As a farmer, you can contribute negatively or positively towards the problem of freshwater pollution. If you want to make a positive contribution, what practices are you implementing to do so?
Farmers are waging a daily war to keep their farm productive. Find out what they are doing on the battlefield to strengthen their allies and win the war.
Nitrogen is a nutrient that is crucial for the optimal growth of plants. Its role in plant health may very well be unparalleled, but what happens when it becomes excessive in the soil? Is it “the more the better”, or rather a case of “too much of a good thing”?
The SWAN system is composed of soil, water, atmosphere and nutrient components. The best way to show how these integrated and interrelated measures reflect the journey of improving agricultural sustainability is to show a case study of a farm which has become more sustainable over the past five years.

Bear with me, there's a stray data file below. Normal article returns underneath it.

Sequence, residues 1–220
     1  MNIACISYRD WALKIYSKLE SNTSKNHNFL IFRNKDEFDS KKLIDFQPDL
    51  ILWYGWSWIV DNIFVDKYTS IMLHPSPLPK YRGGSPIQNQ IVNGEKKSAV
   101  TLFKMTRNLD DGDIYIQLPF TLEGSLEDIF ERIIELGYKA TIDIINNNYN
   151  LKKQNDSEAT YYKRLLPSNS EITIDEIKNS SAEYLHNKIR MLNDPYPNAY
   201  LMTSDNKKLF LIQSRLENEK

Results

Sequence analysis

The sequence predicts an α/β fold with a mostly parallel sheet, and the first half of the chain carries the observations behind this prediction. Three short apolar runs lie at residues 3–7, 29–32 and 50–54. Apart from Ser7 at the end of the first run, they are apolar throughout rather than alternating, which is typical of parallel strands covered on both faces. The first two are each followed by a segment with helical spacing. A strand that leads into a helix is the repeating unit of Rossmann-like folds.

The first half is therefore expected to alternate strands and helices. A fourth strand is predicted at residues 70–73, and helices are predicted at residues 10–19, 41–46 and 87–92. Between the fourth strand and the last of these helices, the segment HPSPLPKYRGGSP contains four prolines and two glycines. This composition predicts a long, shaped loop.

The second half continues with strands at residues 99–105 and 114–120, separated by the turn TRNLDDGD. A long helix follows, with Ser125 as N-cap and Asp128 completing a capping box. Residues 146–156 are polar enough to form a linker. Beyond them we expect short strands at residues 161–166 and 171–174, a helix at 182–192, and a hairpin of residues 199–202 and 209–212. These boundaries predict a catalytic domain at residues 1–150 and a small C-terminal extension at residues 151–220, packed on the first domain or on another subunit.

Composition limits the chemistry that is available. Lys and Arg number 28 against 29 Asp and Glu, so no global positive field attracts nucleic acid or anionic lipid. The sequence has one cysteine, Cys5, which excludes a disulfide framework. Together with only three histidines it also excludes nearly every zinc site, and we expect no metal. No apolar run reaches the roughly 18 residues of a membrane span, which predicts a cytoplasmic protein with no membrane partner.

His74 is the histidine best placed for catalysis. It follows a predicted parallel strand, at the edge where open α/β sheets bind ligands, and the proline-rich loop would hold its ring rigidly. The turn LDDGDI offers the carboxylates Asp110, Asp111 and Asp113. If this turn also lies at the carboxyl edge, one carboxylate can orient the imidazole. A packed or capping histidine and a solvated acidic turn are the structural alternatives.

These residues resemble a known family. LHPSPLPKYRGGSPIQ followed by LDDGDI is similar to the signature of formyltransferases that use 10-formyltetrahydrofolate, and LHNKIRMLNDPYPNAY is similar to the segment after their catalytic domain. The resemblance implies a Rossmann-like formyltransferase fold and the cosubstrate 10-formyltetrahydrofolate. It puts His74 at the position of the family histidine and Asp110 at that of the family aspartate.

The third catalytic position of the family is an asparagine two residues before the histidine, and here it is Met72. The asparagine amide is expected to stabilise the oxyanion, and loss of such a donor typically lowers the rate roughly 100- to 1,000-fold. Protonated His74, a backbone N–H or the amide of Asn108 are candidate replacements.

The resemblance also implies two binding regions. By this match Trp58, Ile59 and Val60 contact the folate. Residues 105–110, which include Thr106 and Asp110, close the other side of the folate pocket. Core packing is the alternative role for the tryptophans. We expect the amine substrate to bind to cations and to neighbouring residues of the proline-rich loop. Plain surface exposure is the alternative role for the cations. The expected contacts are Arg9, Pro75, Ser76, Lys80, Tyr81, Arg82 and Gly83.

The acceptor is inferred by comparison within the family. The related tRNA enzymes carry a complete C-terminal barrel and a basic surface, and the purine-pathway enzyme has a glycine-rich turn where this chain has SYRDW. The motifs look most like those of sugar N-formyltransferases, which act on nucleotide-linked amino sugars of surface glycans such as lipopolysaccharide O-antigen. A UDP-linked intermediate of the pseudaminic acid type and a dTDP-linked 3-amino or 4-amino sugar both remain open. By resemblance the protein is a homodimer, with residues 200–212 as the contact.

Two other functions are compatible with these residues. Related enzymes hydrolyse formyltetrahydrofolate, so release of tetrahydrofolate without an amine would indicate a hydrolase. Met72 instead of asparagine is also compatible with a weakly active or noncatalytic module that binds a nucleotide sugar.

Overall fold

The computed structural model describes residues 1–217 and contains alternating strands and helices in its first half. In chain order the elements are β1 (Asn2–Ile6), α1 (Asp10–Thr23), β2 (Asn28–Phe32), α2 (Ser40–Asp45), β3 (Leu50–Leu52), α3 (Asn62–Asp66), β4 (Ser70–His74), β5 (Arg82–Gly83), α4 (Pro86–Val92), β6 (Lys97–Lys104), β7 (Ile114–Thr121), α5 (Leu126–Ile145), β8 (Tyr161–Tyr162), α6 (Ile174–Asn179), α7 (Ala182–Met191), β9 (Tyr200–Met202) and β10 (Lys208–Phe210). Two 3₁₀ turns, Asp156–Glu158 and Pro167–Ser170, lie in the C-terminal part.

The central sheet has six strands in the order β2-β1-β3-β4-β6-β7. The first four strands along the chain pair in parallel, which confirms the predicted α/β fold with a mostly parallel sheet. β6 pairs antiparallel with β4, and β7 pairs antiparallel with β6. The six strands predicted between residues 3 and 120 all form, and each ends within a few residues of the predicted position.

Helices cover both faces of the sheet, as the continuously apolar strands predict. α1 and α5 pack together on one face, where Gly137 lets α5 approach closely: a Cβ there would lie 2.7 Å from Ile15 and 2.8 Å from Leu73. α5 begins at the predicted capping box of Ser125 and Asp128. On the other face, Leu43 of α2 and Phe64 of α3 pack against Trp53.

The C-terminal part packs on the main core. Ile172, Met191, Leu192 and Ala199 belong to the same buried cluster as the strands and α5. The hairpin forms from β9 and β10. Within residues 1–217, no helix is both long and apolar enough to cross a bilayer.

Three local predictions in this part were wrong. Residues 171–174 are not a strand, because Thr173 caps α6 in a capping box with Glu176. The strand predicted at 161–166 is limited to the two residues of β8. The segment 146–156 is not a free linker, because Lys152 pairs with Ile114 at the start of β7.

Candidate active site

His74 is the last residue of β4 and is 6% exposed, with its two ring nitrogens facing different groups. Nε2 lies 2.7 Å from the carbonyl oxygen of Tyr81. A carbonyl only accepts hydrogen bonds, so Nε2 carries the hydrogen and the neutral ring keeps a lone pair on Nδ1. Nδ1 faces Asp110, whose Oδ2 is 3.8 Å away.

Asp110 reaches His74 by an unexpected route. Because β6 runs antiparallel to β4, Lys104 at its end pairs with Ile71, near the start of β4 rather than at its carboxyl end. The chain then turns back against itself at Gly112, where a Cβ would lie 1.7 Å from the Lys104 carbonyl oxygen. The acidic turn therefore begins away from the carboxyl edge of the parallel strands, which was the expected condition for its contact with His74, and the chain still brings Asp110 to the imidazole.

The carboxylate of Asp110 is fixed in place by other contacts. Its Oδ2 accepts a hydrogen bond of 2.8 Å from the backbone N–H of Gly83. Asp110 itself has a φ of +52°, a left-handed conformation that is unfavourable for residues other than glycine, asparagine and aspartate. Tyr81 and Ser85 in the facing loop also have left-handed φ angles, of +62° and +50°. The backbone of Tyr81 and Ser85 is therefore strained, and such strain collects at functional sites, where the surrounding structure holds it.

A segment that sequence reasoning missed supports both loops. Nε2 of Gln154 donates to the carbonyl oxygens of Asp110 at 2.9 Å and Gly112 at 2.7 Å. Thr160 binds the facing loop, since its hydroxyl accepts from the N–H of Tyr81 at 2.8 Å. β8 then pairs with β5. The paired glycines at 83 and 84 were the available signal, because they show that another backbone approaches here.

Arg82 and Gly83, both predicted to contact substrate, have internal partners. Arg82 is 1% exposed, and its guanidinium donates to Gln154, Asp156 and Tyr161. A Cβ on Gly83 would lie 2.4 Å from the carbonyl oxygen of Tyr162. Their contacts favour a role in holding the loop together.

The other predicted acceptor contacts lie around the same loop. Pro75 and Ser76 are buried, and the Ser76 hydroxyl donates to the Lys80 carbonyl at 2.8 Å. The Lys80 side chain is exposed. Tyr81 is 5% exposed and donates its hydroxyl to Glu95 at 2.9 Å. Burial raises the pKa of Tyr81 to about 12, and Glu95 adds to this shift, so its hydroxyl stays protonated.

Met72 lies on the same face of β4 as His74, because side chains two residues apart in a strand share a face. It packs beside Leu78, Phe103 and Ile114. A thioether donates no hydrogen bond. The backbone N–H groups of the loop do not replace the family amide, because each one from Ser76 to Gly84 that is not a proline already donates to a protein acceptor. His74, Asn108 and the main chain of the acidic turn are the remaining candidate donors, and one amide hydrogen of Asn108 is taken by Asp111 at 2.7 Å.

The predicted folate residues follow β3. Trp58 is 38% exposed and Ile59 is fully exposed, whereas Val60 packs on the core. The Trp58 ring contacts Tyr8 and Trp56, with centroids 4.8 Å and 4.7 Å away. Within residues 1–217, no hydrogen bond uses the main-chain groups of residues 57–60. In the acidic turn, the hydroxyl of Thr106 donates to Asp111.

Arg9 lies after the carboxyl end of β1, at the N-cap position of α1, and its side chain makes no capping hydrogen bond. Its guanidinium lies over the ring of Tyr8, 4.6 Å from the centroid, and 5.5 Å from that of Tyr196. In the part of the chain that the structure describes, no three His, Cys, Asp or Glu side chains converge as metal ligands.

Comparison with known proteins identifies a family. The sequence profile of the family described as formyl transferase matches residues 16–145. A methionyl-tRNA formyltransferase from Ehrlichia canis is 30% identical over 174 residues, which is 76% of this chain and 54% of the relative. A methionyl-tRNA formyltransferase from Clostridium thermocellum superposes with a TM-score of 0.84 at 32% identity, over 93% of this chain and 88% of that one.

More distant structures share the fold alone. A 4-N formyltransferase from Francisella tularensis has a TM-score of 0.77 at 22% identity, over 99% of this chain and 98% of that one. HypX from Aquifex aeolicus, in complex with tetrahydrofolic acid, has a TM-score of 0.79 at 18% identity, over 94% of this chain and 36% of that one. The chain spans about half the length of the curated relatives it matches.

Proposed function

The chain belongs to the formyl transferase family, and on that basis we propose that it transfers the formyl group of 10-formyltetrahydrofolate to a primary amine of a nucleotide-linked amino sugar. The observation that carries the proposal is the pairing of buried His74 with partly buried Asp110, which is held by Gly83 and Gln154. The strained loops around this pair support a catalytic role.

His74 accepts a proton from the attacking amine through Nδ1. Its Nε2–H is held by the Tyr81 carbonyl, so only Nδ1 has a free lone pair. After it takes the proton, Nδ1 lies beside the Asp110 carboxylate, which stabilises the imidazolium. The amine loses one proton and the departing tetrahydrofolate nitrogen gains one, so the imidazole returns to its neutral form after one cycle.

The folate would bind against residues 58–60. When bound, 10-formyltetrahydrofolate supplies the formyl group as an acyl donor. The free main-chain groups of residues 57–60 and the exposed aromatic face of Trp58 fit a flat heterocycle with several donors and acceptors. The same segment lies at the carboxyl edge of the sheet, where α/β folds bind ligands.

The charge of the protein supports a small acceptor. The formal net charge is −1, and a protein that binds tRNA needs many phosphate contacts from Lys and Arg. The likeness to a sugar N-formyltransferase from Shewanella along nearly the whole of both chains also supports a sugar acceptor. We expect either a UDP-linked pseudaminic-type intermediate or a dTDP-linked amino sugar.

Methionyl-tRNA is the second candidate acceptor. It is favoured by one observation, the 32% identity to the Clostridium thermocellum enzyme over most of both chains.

Nitrogen alone cannot carry the responsibilities of other nutrients in the plant. That is why farmers need to have a balance of all essential plant nutrients in order to archive optimal growth.
Approaching agriculture in new ways requires new perspectives on how to view things. One of the main differences between conventional and sustainable agriculture is the relative reliance on external inputs.
Due to a lack of soil health, and an imbalance in soil fertility, farmers are relying for too heavily on nitrogen fertiliser for pasture growth. This can actually lead to potassium loss from the soil.
We tend to focus on the localized environmental impact of nitrogen where it is applied, but what about the broader impact associated with its production?
There is a lot more nutrient cycling taking place than just what is put into the soil through fertiliser, and taken out in grass and eventually milk. In order to develop a more efficient nutrient cycling system, farmers have to take into account the various losses and sources of nutrients.
Nutrients are brought into the farm through the farm gate, and nutrients are removed through the farm gate. The question that needs to be asked is, are there more nutrients brought into, or removed from the farm system?